The new Minister for Health has said that the Sláintecare plan remains the main route to reform of the healthcare system and that the move towards universal healthcare had to be accelerated in response to the Covid-19 crisis.
Coronavirus had been a complicating factor for a healthcare system already facing major challenges Stephen Donnelly told Newstalk’s.
Many men, women and children were waiting months or years to see a doctor or access a scan, treatment or surgery.
“Covid has created a perfect storm. It means we need a very large amount of additional spending, money that could have been deployed on other parts of the healthcare system.
"The waiting lists have shot way up - the inpatient waiting list since March has gone up by almost a third,” he pointed out.
The infection control measures required because of Covid have meant that capacity is already been reduced.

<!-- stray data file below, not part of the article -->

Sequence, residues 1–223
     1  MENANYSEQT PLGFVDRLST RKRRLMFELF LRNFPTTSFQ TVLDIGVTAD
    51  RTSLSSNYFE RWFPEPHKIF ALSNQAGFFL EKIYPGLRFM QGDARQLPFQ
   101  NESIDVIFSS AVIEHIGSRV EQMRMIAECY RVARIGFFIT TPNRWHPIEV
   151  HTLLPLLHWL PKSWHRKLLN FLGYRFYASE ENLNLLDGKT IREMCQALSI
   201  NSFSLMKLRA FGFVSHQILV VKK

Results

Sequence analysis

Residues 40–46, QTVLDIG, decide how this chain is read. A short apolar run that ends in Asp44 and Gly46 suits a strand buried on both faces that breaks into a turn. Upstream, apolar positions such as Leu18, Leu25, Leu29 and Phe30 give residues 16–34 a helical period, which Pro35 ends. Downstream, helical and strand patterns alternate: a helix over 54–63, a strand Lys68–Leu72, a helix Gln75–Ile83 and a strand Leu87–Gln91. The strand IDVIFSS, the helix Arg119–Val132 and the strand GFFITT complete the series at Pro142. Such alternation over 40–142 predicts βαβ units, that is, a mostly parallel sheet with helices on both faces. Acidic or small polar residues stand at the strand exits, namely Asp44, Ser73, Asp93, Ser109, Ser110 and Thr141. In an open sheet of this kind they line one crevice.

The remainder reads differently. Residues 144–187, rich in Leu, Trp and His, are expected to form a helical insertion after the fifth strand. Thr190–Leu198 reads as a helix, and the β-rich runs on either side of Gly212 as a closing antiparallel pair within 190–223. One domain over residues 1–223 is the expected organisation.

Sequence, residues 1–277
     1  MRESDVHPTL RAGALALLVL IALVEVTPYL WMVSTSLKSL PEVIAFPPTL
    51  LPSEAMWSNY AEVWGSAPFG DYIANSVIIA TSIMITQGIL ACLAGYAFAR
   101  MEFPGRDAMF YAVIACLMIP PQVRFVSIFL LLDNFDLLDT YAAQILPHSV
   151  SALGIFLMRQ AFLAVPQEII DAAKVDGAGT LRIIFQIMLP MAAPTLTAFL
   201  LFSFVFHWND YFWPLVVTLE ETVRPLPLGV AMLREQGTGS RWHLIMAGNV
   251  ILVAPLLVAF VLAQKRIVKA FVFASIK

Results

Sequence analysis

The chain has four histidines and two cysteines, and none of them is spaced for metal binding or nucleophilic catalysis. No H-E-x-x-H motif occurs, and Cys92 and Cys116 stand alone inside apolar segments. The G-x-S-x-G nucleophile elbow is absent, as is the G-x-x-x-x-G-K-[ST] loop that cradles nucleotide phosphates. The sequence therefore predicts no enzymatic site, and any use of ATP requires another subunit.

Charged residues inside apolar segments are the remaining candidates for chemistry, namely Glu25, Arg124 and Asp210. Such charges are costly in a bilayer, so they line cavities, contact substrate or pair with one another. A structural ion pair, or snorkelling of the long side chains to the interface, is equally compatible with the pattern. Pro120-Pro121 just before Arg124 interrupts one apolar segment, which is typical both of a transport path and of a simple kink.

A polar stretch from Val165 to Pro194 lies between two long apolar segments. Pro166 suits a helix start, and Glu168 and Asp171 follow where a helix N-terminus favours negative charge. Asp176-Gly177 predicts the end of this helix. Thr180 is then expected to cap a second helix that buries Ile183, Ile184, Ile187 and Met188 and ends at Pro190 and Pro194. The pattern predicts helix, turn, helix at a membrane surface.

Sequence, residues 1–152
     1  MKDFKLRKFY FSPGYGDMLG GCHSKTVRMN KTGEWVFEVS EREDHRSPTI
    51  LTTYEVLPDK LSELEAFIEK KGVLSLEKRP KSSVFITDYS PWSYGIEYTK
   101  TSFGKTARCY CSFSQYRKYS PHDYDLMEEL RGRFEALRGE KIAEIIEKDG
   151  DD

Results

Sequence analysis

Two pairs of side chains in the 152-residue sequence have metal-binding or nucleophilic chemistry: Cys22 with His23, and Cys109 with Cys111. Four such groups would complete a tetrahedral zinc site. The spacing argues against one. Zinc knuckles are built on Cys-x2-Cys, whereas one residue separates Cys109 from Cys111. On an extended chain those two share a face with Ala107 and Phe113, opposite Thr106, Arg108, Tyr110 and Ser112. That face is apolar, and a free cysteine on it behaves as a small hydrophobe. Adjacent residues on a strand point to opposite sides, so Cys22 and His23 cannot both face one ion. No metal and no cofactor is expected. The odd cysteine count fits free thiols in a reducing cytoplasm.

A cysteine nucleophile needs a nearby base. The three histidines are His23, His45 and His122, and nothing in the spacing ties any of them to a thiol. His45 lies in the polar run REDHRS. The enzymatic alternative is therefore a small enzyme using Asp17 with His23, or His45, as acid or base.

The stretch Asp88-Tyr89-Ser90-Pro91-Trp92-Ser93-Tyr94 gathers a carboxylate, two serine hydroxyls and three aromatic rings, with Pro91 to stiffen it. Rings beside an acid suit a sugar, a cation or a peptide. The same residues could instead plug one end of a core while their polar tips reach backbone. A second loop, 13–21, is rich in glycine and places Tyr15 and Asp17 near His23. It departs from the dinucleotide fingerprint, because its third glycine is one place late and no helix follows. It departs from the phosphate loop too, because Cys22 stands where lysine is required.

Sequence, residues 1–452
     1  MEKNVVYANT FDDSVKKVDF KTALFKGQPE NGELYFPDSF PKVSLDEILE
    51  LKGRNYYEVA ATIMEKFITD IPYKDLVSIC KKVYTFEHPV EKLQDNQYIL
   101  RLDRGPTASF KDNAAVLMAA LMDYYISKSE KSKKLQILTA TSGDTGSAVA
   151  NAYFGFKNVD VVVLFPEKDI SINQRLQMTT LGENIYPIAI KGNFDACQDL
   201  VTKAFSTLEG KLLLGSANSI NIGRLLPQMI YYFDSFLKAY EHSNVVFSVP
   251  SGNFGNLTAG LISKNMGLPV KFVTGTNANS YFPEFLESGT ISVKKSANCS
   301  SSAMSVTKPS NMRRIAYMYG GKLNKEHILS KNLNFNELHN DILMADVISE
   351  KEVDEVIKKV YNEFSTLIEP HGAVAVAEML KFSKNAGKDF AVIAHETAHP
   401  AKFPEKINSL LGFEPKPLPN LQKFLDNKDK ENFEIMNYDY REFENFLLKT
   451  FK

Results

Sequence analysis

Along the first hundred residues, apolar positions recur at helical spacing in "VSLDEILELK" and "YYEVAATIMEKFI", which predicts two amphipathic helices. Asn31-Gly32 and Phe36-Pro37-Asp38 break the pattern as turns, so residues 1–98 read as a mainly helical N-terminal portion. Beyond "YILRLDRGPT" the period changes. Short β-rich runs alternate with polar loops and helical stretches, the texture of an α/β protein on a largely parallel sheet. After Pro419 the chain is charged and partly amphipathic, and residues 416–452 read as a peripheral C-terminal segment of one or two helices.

“People who run MRIs are saying in some case they'll be able to see half the number of patients.”
A number of measures are now needed to address the changes seen in recent months, he said.
“We need to expand the capacity within the HSE - that means running the operating theatres and diagnostic suites longer, getting everything we can out of the primary care centres, really ramping up on telemedicine.”
Mr Donnelly said there was a need to secure short-term capacity from outside the HSE - a strategic partnership with private providers.
He pointed out that there are 11,000 beds in the public system and 20% of them now need to be kept vacant for infection control measures.
Sláintecare needed to accelerate the mission to provide universal healthcare, he said. All ideas needed to be on the table and everyone needed to come together to face the enormous challenges created by the Covid-19 pandemic.